Sotheby’s announced last week two portraits by Anthony van Dyck to lead their December Old Master Evening sale in London. Two of King Charles I’s children are depicted in these consignments from a collection that has held the works for almost 100 years. The more valuable portrait is of King Charles II while he was Prince of Wales (£2-3m); his younger sister’s portrait has a £600-800k estimate. The works are interesting for their long provenance, the depiction of the future king and the fact that they were among van Dyck’s last works and may have never emerged from his studio. Sotheby’s feels these attributes might help buck the currents running against van Dyck in the marketplace.
Nine years ago, the van Dyck market hit an all-time high with the sale of the artist’s last self portrait from the same period as these works. The painting had been in the same hands for three centuries. It was offered with a £2-3m estimate but was bid up to £8.3m premium or more than $13.5m. That year and the next there were other strong sales including a study of a bearded man that made $7m.
The last work offered at this level, in April of this year, was a portrait of François Langlois that Christie’s hoped would make $2-4m but sold for $1.8m premium.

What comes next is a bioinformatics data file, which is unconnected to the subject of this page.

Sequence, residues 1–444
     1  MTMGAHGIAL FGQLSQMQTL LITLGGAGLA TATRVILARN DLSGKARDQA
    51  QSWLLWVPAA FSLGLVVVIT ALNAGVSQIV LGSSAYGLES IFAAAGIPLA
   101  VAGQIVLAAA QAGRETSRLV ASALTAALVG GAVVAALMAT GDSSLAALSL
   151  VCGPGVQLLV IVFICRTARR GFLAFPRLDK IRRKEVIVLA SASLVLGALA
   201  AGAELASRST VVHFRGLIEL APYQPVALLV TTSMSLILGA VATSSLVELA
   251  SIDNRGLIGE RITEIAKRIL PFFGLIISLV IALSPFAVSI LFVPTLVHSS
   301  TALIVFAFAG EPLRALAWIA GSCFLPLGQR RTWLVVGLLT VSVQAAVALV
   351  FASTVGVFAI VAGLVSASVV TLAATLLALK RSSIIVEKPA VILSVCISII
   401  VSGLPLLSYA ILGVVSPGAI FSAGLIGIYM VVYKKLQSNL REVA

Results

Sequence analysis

The year before, Saint Sebastian After His Ordeal was estimated at £1.2-1.8m and sold for a premium price of £1.9m also at Christie’s. Perhaps more relevant to this discussion was the portrait of these two children’s mother painted by van Dyck. In 2015, Sotheby’s offered a portrait of Queen Henrietta Maria which failed to find a buyer. Here’s Sotheby’s release on the two portraits:
Two portraits of Charles I’s eldest children – the eleven year-old Prince of Wales, (later King Charles II), and his nine year-old sister Mary, the Princess Royal, (later, the mother of the future king, William III) will be among the highlights of Sotheby’s London Old Master Evening sale on 5 December. Among the very last works that Van Dyck painted for his royal patron, these charming, beautifully preserved portraits have been in the same private collection for nearly a century, and come fresh to market with a combined estimate of £2.6 million – 3.8 million.